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e3bce7f Nov 1, 2015
@gkobilansky @bugron
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@freecodecamp asked me nicely to explain how I use github (and github pages) instead of codepen for my front-end projects. Here's the how and why of it, starting with why.

Benefits

I love Codepen.io, it's a wonderful, easy-to-use tool for simple front-end experimentation. But as the fcc projects got more complex, I realized coding locally was going to save me a bunch of headaches. My text-editor and codekit combo are just waaay faster.

  • Autocomplete
  • Compile everything (codepen was really dragging trying to compile Jade)
  • Better auto-refresh
  • Built in bower
  • Git versioning
  • Improved screen real-estate experience

Git to Github

Since I'm already saving locally, and using git for version control, I figured might as well upload to Github. Plus, Github has a fantastic, free service for front-end projects called Github Pages. Just update your repo and your changes are live.

How it works is simple. Github checks if your repository has a branch called gh-pages and serves any code that's sitting in that branch. No back-end stuff here, but HTML, CSS and JS work like a charm.

Make it Work

First things first

Let's make a new folder for your project. I'll use the Camper News project as my example.

Got to your work directory and make a new one. You can do this in the terminal (or not).

Project Directory

Now, go into the project directory, and (for sure in the terminal this time) use the command git init. Note, this tutorial assumes you have git installed.

Alright, awesome. Now we're ready to work.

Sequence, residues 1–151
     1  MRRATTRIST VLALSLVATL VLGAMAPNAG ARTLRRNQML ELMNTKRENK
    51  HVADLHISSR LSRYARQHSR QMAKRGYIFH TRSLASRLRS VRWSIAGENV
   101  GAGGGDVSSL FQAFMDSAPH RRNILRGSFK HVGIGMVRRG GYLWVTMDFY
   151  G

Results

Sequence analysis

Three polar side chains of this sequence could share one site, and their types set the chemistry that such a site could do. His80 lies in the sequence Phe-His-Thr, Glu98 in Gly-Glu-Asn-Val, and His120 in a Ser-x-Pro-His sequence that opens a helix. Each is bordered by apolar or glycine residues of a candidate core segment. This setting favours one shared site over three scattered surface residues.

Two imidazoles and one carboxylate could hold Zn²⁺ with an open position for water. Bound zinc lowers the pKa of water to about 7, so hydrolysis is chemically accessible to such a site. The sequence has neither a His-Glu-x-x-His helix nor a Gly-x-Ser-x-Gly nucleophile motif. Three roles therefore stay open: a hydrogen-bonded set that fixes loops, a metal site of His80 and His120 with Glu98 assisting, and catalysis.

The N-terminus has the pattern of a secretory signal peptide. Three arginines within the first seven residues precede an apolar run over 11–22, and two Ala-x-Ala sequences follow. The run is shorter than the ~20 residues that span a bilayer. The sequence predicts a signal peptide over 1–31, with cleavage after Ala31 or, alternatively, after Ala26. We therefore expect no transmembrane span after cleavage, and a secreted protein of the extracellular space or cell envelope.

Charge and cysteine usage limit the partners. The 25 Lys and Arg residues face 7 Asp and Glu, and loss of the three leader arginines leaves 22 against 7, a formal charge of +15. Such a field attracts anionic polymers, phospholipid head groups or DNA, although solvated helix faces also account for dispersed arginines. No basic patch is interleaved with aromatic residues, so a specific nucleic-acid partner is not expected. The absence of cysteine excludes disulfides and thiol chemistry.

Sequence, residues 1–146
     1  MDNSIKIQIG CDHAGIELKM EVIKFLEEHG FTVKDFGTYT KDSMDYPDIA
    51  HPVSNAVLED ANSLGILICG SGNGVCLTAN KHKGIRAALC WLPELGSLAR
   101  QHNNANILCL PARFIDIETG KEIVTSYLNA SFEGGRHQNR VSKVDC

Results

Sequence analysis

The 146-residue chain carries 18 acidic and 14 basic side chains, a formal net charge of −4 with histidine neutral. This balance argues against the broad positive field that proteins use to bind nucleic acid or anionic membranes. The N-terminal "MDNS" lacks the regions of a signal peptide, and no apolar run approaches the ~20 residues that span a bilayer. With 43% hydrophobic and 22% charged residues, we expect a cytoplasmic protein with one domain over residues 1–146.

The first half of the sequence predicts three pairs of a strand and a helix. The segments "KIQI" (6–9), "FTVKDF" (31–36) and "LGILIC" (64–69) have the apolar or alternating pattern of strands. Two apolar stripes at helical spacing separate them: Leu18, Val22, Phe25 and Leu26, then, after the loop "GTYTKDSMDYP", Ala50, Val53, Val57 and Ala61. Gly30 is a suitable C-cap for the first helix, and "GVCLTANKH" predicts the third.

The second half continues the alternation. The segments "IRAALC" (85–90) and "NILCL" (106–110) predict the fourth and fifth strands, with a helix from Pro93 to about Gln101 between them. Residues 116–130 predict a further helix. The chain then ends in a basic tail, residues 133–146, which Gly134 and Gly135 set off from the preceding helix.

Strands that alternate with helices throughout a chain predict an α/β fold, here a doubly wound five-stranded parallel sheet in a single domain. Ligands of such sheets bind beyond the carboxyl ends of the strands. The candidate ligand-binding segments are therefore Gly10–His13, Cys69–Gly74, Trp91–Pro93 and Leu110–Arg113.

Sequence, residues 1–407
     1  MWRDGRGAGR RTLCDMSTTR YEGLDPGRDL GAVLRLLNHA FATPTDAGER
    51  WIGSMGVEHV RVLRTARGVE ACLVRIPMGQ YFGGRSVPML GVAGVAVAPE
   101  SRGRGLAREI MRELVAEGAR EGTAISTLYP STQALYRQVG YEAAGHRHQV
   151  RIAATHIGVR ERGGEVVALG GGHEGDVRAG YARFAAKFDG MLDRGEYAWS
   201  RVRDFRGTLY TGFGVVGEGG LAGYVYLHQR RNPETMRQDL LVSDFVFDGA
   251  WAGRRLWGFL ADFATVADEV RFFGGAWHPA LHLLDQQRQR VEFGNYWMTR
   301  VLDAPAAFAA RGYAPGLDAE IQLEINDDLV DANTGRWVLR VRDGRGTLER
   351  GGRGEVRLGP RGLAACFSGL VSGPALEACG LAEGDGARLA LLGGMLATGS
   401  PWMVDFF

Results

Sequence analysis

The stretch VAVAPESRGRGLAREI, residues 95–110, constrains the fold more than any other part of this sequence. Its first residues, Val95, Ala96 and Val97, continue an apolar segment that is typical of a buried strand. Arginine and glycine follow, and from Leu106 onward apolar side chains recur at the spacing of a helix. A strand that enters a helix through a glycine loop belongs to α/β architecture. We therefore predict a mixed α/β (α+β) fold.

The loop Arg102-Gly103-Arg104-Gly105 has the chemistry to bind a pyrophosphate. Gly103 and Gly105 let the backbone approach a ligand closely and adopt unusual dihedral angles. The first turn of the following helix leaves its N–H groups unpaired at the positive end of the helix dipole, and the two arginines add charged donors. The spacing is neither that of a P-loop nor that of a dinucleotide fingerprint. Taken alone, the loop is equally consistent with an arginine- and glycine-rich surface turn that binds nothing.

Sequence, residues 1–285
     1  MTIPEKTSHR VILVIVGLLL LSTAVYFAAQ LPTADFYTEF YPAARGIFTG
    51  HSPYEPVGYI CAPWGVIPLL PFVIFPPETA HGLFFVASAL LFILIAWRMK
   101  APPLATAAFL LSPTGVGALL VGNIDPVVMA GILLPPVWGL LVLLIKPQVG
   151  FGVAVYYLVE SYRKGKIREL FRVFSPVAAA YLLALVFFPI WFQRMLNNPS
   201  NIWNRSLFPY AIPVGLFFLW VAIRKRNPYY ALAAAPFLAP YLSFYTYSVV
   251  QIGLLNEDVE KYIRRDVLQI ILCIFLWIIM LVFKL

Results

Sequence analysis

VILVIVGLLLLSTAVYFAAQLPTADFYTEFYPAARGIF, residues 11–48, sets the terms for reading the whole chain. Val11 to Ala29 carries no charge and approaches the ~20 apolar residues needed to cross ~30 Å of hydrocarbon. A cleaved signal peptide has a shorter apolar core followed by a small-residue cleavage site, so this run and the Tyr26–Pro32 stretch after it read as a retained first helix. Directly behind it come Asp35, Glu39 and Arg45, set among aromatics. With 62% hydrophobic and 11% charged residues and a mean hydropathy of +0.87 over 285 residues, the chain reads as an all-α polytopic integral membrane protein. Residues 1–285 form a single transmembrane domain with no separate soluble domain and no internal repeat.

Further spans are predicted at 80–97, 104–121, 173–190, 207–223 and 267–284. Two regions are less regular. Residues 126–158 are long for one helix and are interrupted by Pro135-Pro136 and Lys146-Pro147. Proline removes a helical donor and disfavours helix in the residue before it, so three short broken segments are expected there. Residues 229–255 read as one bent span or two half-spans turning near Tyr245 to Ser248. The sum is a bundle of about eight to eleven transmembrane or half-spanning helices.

Next steps

Create some files in your campNews directory. I don't know, maybe an index.html and probably app.css and app.js, or whatever naming convention you prefer. Put your code in these files. Alright, now we're ready for our first commit. It takes two steps.

  1. git add -A will prep all these new files and the new code inside them
  2. git commit -m 'relevant message' will commit all the work you've done to the branch you're currently on ('master' by default)

The key to this whole thing

OK, so far we're still local. There's some stuff we gotta do to take our work and move it to github. It's at this point I like to switch branches. Remember - github only serves from gh-pages, and if you've followed along so far, your branch is called 'master'. Let's make a new (local) gh-pages branch.

git checkout -b gh-pages will create it, copy all the work from master into gh-pages and switch me over to the branch. Phew.

git branch -d master will get rid of the master branch. Sounds crazy I know, but what do we need it for? Just think of gh-pages as your NEW master branch.

Now, git add -A and git commit -m 'relevant message' again, just in case. And be prepared to leave your editor and terminal and go online for the first time.

Go to your github profile and create a new repo. Name it something relevant, like campNews.

New Repo

Once it's created, go in and grab the HTTPS clone URL. (Ignore the files in my screenshot, your repo will be empty at this point).

clone url

Putting it all together

And you can leave the online world. Back to the terminal! Let's connect our local project to this github repo. All it takes is one command.

git remote add origin <server> Just replace server with the HTTPS url you just copied. So my command looks like this:

git remote add origin https://github.com/gkobilansky/campNews.git.

OK, so far we've:

  1. Created our project
  2. Versioned it in git
  3. Commited some changes
  4. Switched it to the 'gh-pages' branch
  5. Connected it to github

Last step!

Push you project to github. Again, simple:

git push origin gh-pages

That command will make sure your latest commits get uploaded to github. Once you've done this at least once, your project should be available http://username.github.io/repository, so for me it's http://gkobilansky.github.io/campNews.

Once this is all done, the process just repeats itself:

  1. git add -A
  2. git commit -m 'relevant message'
  3. git push origin gh-pages

Granted, steeper learning curve than codepen.io, but faster and more flexible once you get the hang of it.

Happy coding!

PS. Thanks to this guide by Roger Dudler for keeping things simple.